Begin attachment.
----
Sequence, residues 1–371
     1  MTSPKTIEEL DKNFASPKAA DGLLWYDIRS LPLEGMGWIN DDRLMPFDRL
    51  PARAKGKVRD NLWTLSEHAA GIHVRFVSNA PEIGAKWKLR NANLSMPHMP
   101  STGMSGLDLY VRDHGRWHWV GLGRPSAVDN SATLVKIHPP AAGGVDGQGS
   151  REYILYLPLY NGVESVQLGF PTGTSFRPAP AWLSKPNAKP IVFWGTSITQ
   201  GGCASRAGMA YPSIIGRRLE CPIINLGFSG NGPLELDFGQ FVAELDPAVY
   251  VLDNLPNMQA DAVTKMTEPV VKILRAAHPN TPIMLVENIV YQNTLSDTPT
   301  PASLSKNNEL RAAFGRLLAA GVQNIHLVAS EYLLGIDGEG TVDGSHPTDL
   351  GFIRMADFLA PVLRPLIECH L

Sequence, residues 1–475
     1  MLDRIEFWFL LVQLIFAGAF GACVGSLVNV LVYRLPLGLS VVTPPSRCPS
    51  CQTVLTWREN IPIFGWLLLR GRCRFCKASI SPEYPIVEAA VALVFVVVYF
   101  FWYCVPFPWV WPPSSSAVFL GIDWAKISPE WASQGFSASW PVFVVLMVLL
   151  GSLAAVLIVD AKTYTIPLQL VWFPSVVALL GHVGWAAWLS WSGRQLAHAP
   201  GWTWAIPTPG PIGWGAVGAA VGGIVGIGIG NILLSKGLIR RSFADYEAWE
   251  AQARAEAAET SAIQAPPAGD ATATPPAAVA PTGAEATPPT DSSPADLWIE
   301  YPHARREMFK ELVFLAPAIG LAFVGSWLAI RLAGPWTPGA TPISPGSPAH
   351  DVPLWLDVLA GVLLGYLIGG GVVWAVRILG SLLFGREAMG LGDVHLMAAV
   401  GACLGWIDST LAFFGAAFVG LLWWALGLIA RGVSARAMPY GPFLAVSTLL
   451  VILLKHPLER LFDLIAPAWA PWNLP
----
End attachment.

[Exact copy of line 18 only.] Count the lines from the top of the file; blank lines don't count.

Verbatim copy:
   351  DVPLWLDVLA GVLLGYLIGG GVVWAVRILG SLLFGREAMG LGDVHLMAAV